Sharing the load: proper control methods for parallel refrigeration compressors

Parallel refrigeration machines have been in use for decades in the LNG industry primarily for the Phillips Cascade LNG process which utilises parallel methane, ethylene and propane variable speed compressors.

Wayne Jacobson
Compressor Controls Corporation

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Article Summary

Operation of these compressors has been successfully done by controlling suction header pressure of the individual refrigeration circuits and using load-sharing control to balance the parallel compressor strings. Load-sharing is accomplished by equalising the individual compressors’ distance from surge parameter. Additionally, by the use of proper load-sharing control, the individual compressor strings are easily and automatically sequenced online and offline.

In contrast, plants using the Air Products licensed C3/MR LNG process (see Figure 1) have historically used individual compressor strings for both the mix refrigerant (MR) circuit and the propane (C3) precooling circuit. In earlier plants, the MR circuit consisting of two independent variable speed compressor strings operating in series. The C3 circuit also consisted of two independent variable speed compressor strings operating in series with one string being a three stage compressor with sidestreams and the other string being a single stage booster compressor. Both the MR compressor strings and the C3 compressor strings are controlled using series load-sharing.

In the mid to late 1990’s, the MR compressor configuration changed to three compressors on the same shaft driven by a gas turbine and helper motor combination. The C3 compressor strings changed to a single four stage compressor with sidestreams also driven by a gas turbine and helper motor combination. The throughput of the MR compressor string is dictated by the LNG production rate and controls around the main cryogenic heat exchanger (MCHE) and for the most part allowed to float. In some cases the performance of the MR compressor is adjusted by operators by varying the MR LP axial compressor’s vane angle. The C3 compressor string’s throughput also floated based on process demands with the exception of preventing the suction pressure from going below atmospheric pressure by recycling. Recently however, LNG plants using the APCI license are being designed using parallel refrigeration compressor strings with either variable speed or constant speed drivers and therefore proper load-sharing control must be considered in order to have safe and reliable operation.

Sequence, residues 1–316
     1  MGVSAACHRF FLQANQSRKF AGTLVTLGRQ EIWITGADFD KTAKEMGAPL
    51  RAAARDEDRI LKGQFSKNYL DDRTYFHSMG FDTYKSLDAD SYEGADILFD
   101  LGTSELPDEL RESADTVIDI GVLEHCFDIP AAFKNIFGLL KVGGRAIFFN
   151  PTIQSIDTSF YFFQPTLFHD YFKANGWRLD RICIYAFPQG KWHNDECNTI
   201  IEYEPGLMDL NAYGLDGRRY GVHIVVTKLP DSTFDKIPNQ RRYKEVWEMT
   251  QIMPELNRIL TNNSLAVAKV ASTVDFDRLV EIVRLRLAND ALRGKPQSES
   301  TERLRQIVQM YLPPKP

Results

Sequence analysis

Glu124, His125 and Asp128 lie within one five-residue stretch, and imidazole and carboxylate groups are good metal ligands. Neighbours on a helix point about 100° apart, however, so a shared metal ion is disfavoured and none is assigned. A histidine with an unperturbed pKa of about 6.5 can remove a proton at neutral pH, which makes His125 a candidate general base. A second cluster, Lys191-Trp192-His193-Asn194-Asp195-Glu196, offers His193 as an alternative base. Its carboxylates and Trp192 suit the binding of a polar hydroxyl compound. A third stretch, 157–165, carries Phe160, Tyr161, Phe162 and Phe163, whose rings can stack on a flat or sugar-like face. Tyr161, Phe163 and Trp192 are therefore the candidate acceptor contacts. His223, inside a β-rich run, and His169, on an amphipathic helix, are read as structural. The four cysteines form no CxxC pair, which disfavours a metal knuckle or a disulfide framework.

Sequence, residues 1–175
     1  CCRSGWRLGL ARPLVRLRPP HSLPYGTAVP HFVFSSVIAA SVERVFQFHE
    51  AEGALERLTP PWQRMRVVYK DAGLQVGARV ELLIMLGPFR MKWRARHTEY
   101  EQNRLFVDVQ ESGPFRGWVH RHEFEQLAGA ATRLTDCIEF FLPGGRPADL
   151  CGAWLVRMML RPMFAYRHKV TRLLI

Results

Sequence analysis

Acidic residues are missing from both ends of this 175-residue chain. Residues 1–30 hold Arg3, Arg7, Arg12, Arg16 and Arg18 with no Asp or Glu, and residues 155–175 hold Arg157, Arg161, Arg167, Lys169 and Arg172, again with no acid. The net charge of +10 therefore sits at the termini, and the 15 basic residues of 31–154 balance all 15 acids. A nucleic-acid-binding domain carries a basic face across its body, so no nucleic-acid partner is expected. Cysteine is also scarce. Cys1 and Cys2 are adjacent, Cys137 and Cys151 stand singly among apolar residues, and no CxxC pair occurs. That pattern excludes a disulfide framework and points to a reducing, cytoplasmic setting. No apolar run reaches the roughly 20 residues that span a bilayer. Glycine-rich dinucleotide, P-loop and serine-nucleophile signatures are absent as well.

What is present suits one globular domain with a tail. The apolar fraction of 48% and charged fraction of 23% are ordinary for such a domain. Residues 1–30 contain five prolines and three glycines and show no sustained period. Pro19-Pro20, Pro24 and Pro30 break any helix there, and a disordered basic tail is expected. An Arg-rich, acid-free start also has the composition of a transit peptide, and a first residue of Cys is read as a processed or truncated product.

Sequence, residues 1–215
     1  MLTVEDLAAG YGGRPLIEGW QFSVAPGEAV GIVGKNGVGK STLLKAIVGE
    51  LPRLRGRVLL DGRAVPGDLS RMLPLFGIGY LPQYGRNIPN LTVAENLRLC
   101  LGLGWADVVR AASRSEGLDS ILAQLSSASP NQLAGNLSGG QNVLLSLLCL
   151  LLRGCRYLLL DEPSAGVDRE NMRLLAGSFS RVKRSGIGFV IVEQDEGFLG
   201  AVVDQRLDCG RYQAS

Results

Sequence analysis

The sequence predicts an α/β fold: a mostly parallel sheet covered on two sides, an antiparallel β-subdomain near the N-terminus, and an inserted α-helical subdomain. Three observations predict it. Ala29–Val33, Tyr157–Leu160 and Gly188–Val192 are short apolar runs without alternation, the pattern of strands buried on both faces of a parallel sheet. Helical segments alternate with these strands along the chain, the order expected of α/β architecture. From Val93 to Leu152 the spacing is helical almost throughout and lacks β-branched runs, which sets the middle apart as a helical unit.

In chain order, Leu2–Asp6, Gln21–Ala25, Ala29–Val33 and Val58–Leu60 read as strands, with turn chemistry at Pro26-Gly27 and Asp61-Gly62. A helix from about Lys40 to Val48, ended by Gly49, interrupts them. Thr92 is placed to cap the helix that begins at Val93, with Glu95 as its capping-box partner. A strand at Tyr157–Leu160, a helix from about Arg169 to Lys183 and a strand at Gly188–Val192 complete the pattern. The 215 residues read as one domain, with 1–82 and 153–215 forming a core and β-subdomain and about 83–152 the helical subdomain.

When two or more compressor strings are working in parallel, surge protection and process efficiency can be maximised by operating them equidistant from their surge control lines. In contrast, conventional load-sharing systems throttle back the compressors one at a time. One might be operating on its surge control line while the others run flat out. That machine would then be exposed to the full brunt of any disturbance and would often be recycling even when other compressor(s) could easily take up the slack. Larger surge protection margins might also be needed, further eroding process efficiency.

Another common approach is to operate the compressors at the same flow rate or rotational speed. Unfortunately, even supposedly identical compressors will usually have different surge limits at the same speed of operation. As a result, this approach also fails to keep the compressors equidistant from surge. While this strategy is better than sequential loading, there is still a high likelihood that one compressor will be more apt to surge or go into recycle before the others.

As shown in Figure 2, a CCC load-sharing system for compressors operating in parallel consists of one master pressure or flow controller (MPIC), a load-sharing performance controller (LSIC) per compressor, and one antisurge controller (UIC) per compressor section. These control loops use a unique combination of protection and control methods (see Figure 3) to cooperatively maintain the desired pressure or flow while keeping the compressors the same distance from their surge limits: